WNRS or Losers We’re Not Really Strangers Helps Start Conversations for Everyone

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Bria Wurst

“We’re Not Really Strangers” contact information for text threads.

A “We’re Not Really Strangers” post on Twitter. (Bria Wurst)

We are the generation with our necks craned down staring at our phones. New content has always been readily available with a few swipe clicks and taps. We simultaneously communicate more than past generations with our ability to send out our thoughts to anyone in the world through Twitter, Instagram, Snapchat, or TikTok, while also avoiding the most basic form of communication, just talking to one another.

There are moments when conversations dip, and instead of facing the awkward silence, we check our phones. “Are there any new messages?” “Has someone snapped me yet?” “Let me share my thoughts on how awkward this situation is on Twitter.”

It has become easier to both hide and expose ourselves on social media platforms. Too often teens are spewing their thoughts and emotions online, hoping to reach and relate to teens they will never meet and never truly know, instead of the teens that are accessible and nearby. When PCNN spoke with PCHS students about communication, Trey Brown, junior stated, “I feel like we just have like dumb pointless conversations over the phone, but we’re not talking about like- I’m not trying to sound cliche or like ugly but, we don’t talk about what really matters like in person to one another, so like we dont really communicate well, or as we should.”

Now, don’t get me wrong. 2020 definitely made communicating face to face 100x harder. We were urged to stay six feet apart and use Zoom, Google Meet, and Skype to communicate and it has been a learning process for everyone. Friendships were able to fall apart as too much time passed between calls and texts, upholding relationships became challenging as it was harder to make these connections. 

This all sounds bleak and scary, but there’s an option that may be helpful to Panther Creek students. We’re Not Really Strangers has the power and potential to bring us closer together while opening up conversations. 

Texts that “We’re Not Really Strangers” have sent throughout February. (Bria Wurst)

We’re Not Really Strangers is a card game that comes with a purpose. Their goal is to empower meaningful connections with the ones you love. There are four levels to follow and expansion packs you can buy to enhance the experience. These packs and kits include topics such as self-reflection, relationships, honest dating, breakup, and self-love. The cards include questions such as “What does self-love mean to me?” “What is one truth I have recently come to terms with?” These conversations are large and impactful and can be easily guided through the cards with your friends, family, and partner.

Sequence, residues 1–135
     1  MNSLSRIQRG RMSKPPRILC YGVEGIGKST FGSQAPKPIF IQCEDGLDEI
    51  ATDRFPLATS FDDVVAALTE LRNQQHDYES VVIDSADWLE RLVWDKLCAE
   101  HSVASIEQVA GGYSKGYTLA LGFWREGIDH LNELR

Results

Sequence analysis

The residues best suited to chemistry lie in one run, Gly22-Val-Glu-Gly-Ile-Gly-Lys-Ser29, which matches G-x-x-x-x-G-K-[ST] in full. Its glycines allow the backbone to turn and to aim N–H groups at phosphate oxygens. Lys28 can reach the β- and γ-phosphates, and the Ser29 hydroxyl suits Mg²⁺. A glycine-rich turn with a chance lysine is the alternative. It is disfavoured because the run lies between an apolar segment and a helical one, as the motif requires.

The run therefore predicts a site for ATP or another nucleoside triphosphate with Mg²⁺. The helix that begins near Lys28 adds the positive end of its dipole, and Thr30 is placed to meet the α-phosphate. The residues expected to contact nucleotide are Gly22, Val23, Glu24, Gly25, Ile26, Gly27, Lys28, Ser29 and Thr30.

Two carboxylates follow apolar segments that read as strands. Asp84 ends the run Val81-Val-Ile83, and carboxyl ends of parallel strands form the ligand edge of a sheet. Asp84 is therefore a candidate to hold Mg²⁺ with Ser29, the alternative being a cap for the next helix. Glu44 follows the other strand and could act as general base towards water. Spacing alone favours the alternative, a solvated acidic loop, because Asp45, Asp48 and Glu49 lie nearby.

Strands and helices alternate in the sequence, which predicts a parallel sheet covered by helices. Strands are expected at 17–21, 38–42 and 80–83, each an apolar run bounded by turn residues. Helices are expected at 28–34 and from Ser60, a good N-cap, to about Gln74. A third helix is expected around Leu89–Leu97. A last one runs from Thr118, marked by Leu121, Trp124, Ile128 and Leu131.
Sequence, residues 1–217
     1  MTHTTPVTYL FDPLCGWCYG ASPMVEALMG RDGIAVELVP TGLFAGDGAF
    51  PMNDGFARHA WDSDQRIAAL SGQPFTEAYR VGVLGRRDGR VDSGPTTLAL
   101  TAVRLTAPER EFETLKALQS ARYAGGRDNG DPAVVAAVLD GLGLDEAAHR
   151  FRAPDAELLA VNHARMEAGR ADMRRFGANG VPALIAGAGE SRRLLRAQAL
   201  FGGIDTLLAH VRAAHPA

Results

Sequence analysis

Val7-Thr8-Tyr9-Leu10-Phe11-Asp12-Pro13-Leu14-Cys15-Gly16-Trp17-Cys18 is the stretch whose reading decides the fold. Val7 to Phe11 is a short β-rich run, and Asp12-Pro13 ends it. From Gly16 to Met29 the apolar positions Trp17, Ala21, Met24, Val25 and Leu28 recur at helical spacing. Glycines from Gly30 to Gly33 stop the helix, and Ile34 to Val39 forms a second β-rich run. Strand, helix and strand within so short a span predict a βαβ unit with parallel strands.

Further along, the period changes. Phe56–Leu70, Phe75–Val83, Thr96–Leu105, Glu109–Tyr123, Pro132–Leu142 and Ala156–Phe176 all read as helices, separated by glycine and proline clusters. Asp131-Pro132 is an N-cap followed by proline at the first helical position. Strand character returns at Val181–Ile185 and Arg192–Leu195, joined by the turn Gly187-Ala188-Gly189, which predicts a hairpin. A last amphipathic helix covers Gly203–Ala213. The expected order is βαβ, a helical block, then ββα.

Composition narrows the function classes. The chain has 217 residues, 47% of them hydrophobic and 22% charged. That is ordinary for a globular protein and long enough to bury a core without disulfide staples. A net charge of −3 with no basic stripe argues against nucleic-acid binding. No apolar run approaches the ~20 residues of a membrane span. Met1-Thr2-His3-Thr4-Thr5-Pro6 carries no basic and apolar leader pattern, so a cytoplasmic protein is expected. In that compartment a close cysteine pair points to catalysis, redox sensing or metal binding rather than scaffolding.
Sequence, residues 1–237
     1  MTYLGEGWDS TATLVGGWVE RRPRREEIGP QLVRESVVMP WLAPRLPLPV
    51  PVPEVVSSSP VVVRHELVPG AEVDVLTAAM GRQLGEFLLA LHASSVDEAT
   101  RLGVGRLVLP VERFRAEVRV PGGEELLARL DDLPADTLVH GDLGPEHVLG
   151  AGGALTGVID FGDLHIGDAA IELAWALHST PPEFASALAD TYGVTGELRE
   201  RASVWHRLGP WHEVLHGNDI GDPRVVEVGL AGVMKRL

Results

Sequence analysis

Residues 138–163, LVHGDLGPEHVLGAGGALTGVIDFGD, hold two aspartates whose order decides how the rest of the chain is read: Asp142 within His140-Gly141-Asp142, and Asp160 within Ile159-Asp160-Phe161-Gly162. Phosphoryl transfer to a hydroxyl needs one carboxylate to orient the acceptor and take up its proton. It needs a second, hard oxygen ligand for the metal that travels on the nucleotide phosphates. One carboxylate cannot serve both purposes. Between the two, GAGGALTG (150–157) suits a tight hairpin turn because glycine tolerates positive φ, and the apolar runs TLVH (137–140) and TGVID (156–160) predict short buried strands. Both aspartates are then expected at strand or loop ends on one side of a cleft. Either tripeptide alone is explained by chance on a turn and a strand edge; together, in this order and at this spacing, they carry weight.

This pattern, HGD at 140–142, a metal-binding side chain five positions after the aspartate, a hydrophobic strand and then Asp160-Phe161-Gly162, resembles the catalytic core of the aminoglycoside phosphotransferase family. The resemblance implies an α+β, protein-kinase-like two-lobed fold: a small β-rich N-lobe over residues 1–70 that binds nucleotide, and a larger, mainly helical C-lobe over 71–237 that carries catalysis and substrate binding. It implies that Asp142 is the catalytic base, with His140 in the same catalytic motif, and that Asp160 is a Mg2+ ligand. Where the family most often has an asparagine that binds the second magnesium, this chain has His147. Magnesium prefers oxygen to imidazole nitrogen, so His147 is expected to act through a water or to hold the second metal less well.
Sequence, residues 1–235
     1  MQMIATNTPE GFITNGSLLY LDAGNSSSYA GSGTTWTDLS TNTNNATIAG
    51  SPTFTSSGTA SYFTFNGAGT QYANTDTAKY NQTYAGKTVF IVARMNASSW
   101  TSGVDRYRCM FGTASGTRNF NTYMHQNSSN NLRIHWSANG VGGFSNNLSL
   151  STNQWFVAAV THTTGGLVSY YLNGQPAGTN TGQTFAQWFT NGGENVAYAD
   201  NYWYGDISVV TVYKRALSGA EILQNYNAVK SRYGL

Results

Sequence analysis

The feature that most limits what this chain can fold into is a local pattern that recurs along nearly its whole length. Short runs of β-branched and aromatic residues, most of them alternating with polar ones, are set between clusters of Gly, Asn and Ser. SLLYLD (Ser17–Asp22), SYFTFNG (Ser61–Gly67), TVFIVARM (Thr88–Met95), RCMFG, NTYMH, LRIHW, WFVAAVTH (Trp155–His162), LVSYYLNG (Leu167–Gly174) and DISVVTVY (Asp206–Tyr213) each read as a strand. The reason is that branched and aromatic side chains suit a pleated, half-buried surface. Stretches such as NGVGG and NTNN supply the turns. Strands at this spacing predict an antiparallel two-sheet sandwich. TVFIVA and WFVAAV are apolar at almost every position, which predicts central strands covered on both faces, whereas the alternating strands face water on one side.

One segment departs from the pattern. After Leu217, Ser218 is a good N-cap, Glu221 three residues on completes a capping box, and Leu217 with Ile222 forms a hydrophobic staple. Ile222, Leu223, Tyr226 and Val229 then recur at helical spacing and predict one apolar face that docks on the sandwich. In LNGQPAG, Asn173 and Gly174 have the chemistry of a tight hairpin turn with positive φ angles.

PCNN discussed different card decks with PCHS and asked which deck is the hardest to have conversations about. Aleena Islam, senior, stated, “I think social media has made it easier to have tough discussions on vulnerabilities and other sensitive topics, but there’s also a downside to it where it is more likely for people to say things they don’t mean or speak on things that may be harmful to others just because they feel like there’s no repercussions because it is online. I think the hardest conversations to have are on self-reflection because it’s difficult for people to reflect on themselves and what they’ve done and stuff that they might have done wrong so I definitely think that that’s one of the hardest discussions to have.”

Social media causing a hindrance was also expressed by Zack Miller, senior, “Yeah, to be honest I think our generation really does have a hard time communicating because on top of everything with like social media and stuff it’s just a lot different when you’re typing and talking and to compound that with you know, the coronavirus pandemic, being isolated for so long I think it really has had a negative impact on just, you know, our ability to connect with other people.”

The thought came to mind, do Panther Creek students need these cards and need to be having these conversations? PCNN asked “Do you think it’s hard to talk to others your age about vulnerabilities and emotions?” Vihaan Ambre, senior, said, “I think it is hard to communicate with others but emotions and vulnerability is because it’s just not talked about as much within the scope of our society to openly express the sorts of things outside of say a family setting.”

“We’re Not Really Strangers” contact information for text threads. (Bria Wurst)

Don’t feel like spending money but still want to experience new connections? You can also get insightful texts from the company. As well as also see their quotes on their social media accounts, @werenotreallystrangers on Instagram, TikTok, and youtube, and @wnrstweets on Twitter.

PCNN reached out to PCHS students in order to bridge the gaps in communication and start a conversation using cards from the We’re Not Really Strangers deck. The interviews can be seen above in the youtube link.